Friday, April 27, 2012

Logical v's Causal Dependence

At the end of a previous post, I promised to discuss the difference between logical dependence, the substance of probability theory, and causal dependence, which is often assumed to be the thing that probability is directly concerned with. Lets get the ball rolling with a simple example:

A box contains 10 balls: 4 black, 3 white, and 3 red. A man extracts exactly one ball, ‘randomly.’ The extracted ball is never replaced in the box. Consider the following 2 situations:

a) You know that the extracted ball was red. What is the probability that another ball extracted in the same way, will also be red?

b) A second ball has been extracted in the same manner as the first, and is known to be black. The colour of the first ball is not known to you. What is the probability that it was white?

You should try to verify that he answer in the first case is 2/9, and in the second case is 1/3.

Nearly everybody will agree with my answer to situation (a), but some may hesitate about the answer for situation (b). This hesitation seems to result from the feeling that when we write P(A|B) ≠ P(A), then B is, at least partially, the cause of A. (P(A|B) means ‘the probability for A given the assumption that B is true.’) If  true, then there would be no possibility for knowledge of B to influence the probability for A, because the colour of the second ball can have had no causal influence on the colour of the first ball.

In fact, it makes no difference at all in what order the balls are drawn, in such cases. The labels ‘first,’ ‘second,’ ‘nth,’ are really just arbitrary labels, and we can exchange them as we please, without affecting the outcome of the calculation.

In case there is still a doubt, consider a simplified version of our thought experiment:

The box had exactly 2 balls, 1 black and 1 white. Both balls were drawn, ‘at random.’ The second ball drawn was black. What is the probability that the first was black?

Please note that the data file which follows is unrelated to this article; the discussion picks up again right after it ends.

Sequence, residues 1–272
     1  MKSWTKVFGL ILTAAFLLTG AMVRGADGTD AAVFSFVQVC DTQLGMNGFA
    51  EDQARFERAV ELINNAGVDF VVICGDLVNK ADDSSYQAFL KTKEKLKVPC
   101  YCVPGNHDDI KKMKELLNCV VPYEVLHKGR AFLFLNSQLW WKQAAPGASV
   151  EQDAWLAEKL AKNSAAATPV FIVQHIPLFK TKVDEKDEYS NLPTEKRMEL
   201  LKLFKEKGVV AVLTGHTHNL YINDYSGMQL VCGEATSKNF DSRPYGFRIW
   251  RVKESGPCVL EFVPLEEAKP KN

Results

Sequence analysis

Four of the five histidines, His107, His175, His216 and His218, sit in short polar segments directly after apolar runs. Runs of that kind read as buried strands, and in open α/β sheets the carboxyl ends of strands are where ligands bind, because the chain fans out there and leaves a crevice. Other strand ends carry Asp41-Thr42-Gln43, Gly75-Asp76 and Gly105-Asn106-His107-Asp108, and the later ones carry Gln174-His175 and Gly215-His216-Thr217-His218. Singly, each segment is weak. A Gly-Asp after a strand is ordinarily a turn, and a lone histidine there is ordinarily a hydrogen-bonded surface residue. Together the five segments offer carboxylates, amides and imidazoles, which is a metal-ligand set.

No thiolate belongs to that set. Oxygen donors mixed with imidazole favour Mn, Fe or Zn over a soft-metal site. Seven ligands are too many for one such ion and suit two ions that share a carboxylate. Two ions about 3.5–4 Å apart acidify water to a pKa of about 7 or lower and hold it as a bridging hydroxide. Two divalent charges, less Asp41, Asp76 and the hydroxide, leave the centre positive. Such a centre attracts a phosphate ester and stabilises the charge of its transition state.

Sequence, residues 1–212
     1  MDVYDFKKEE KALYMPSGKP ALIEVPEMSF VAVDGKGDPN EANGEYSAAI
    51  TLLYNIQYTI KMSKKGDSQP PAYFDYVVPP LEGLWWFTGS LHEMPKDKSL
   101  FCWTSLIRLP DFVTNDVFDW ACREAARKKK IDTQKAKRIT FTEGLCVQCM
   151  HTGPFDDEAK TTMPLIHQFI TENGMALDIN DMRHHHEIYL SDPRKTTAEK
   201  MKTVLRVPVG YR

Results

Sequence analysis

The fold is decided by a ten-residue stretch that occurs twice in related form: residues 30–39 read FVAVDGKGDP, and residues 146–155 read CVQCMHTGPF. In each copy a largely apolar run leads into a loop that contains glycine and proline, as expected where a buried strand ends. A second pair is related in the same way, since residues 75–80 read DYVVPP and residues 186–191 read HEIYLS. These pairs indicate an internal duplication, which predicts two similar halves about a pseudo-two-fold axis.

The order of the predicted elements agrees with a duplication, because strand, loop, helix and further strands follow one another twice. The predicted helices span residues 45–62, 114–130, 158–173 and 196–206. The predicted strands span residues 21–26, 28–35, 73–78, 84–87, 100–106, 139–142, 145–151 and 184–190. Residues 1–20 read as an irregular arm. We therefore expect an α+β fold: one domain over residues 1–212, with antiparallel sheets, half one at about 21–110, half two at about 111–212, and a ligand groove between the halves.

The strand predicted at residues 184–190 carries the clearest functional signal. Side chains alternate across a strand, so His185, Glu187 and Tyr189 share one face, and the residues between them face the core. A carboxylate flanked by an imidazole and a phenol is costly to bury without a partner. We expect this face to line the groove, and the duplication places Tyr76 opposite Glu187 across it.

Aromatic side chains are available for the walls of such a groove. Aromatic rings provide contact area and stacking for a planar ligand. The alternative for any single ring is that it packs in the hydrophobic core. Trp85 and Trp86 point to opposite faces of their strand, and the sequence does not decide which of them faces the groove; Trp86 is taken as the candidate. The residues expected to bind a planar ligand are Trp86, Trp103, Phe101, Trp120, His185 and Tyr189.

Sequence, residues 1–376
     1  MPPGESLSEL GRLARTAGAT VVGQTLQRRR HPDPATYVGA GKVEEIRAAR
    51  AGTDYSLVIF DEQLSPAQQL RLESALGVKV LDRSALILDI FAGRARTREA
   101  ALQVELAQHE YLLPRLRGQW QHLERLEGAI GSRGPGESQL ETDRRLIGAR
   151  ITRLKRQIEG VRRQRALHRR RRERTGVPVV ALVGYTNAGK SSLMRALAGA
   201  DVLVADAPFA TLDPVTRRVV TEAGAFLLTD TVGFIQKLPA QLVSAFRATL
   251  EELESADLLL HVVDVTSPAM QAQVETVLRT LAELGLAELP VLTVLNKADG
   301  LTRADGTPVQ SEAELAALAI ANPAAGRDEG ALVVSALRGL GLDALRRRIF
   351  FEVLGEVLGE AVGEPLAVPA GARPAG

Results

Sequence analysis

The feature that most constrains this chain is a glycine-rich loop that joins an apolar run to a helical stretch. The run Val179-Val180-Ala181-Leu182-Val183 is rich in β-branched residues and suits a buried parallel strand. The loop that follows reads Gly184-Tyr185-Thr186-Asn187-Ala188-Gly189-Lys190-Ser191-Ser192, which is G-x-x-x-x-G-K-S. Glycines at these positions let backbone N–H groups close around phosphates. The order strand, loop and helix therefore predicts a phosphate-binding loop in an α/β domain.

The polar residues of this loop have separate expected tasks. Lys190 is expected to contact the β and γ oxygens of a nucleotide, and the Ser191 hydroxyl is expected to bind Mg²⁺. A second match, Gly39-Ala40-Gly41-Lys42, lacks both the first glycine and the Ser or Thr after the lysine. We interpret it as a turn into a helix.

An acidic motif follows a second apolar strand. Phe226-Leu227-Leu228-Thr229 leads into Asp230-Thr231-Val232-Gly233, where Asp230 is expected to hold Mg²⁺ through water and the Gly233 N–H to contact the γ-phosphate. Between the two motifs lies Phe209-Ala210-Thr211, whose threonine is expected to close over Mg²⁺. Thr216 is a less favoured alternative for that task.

The product rule can be written P(AB) = P(A|B)P(B). With this formulation, can we account for cases where A depends on B. When thinking about this dependence, however, it is often tempting to think in terms of causal dependence. But probability theory is concerned with calculations of plausibility with incomplete knowledge, and so what we really need to consider is not causal dependence, but logical dependence. We can verify that P(A|B) does not imply that B is the cause of A, since, thanks to the commutativity of Boolean algebra, AB = BA, and we could just as easily have written the product rule as P(AB) = P(B|A)P(A).

What is the probability that X committed a crime yesterday, given that he confessed to it today? Surely it is altered by our knowledge of the confession, indicating that the propositions are not independent in the sense we need for probability calculations. But it is also clear that a crime committed yesterday was not caused by a confession today. 

Edwin Jaynes in ‘Probability Theory: The logic of Science,’ gave the following technical example of the errors that can occur by focusing on causal dependence, rather than logical dependence. Consider multiple hypothesis testing with a set of n hypotheses, H1, H2, …, Hn, being examined in the light of m datasets, D1, D2, …., Dm. When the data sets are logically independent, the direct probability for the totality of the data given any one of the hypotheses, Hi, satisfies a factorization condition,